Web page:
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Operating systems are the cornerstone of the modern industry. On the one hand, they consume valuable server resources that could be used for something more useful. On the other hand, the operating system acts as an orchestra for server applications and allows you to make a multitasking platform from a single-tasking computing complex, and also facilitates the interaction of all interested parties with the equipment. Now the main mainstream server OS is Windows Server + several Linux distributions of various kinds. Each of these operating systems has its advantages, disadvantages, and niches of application. Today we will talk briefly about the systems that come with our servers.

Windows server

This operating system is extremely popular in the corporate segment, although most ordinary users associate Windows exclusively with the desktop version for PC. Depending on the tasks and the infrastructure needed to support the company, several versions of Windows Server are now in operation at once, starting with Windows Server 2003 and ending with the latest version – Windows Server 2019. We supply servers with all of the listed operating systems: Windows Server 2003, 2008 R2, 2016 and 2019.

Windows Server 2003 is mainly used to support enterprise systems and networks built on the basis of Windows XP. Surprisingly, the version of Microsoft desktop OS, taken about five years ago out of maintenance, is still in operation, since a lot of proprietary software for production was written under it at one time. The same applies to Windows Server 2008 R2 and Windows Server 2016 – they are most compatible with old but working software and therefore are used up to this day.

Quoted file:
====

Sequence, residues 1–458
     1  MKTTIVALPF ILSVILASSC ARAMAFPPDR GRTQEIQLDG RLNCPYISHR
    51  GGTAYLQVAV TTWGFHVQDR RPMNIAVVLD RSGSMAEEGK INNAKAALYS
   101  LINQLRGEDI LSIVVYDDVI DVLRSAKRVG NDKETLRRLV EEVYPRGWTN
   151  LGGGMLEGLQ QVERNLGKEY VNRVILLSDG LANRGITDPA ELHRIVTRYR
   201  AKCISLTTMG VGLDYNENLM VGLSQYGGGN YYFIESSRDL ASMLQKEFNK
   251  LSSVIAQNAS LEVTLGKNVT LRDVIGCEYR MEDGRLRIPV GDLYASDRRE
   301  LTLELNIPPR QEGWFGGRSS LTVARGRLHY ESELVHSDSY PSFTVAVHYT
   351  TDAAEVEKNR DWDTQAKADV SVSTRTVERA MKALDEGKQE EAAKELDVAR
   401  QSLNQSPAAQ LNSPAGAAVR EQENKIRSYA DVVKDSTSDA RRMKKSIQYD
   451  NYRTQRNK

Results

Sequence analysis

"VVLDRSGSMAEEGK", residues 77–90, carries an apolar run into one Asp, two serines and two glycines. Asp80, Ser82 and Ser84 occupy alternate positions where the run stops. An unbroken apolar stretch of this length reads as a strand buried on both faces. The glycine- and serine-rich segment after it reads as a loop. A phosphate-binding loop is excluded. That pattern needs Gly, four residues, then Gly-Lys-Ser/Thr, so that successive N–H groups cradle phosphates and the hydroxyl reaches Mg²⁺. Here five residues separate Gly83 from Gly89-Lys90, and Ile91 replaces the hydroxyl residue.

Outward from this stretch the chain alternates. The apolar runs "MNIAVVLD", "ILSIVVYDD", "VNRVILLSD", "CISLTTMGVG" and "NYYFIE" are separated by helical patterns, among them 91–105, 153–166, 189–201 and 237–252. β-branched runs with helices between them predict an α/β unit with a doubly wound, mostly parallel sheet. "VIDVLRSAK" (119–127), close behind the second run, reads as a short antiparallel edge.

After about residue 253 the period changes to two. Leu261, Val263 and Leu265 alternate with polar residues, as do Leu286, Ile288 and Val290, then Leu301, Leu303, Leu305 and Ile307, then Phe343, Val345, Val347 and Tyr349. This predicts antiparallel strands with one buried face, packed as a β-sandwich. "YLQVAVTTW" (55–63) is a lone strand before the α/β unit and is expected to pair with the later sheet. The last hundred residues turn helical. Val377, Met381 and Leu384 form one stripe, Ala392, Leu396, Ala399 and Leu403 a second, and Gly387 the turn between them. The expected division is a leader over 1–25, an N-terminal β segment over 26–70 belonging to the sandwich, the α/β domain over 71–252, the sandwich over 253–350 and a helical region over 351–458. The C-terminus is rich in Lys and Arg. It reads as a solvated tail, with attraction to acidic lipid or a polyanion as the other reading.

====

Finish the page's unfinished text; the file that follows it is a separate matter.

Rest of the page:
The main advantages of Windows-based servers are the relative ease of administration, a fairly large layer of information, manuals and software. In addition, you can not work without a server on Windows, if the ecosystem of the company has software or solutions that use libraries and parts of the kernel of Microsoft systems. Also here you can add RDP technology for user access to server applications and the general versatility of the system. In addition, Windows Server has a lightweight version without a GUI with resource consumption at the level of the Linux distribution – Windows Server Core.

To the minuses of Winserver, you can add two parameters at once: license cost and resource consumption. Among all server operating systems, Windows Server is the most “hungry” and requires at least one processor core and from one and a half to three gigabytes of RAM just for the kernel and standard services to work. This system is not suitable for low-power configurations, and also has a number of vulnerabilities related to RDP and group and user policies.

Most often, Windows Server is designed to administer company intranets and ensure the performance of specific software, the operation of MSSQL databases, ASP.NET tools, or other software created specifically for Windows. At the same time, it is still a full-fledged OS on which you can deploy routing, raise DNS or any other service.